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Troubling the Waters

Fulfilling the Promise of Quality Public Schooling for Black Children

Jerome E. Morris

216 pages
Teachers College Press
Based on extensive fieldwork in schools and communities in St. Louis and Atlanta, Troubling the Waters captures the experiences of today’s African American families like no other book. Reframing the debates around urban schooling, Jerome Morris offers an empirically based research foundation for a new approach to quality schooling for African Americans. Morris counters the view set forth by many neoconservatives that racism no longer exists, while simultaneously offering a trenchant critique of the desegregation-only paradigm for achieving Brown’s promises. Essential reading for educators, scholars, and policymakers who are deeply committed to improving the education of Black children, this timely book: Situates African Americans’ pursuit of quality education outside the traditional liberal versus conservative dichotomy. Revisits the role of African American culture, identity, and institutions in the educational achievement of Black children today. Discusses organizational characteristics of schools that constrain or support African American students’ educational experiences and outcomes. Examines the implications for urban education and school reform.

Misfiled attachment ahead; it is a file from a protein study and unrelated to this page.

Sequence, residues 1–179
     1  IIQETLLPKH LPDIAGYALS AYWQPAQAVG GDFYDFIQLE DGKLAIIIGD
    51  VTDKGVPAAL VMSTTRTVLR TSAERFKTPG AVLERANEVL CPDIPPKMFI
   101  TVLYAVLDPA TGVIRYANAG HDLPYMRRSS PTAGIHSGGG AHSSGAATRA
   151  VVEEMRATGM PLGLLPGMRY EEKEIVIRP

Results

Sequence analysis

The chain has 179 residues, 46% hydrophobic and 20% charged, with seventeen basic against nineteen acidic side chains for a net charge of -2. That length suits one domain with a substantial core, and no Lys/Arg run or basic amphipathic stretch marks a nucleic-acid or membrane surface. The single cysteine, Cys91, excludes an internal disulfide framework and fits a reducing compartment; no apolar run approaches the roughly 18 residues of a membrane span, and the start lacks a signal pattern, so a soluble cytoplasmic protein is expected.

Author Bio
Jerome E. Morris is an associate professor in the College of Education, and director of the Race, Class, Place and Outcomes Research Group in the Institute for Behavioral Research at The University of Georgia.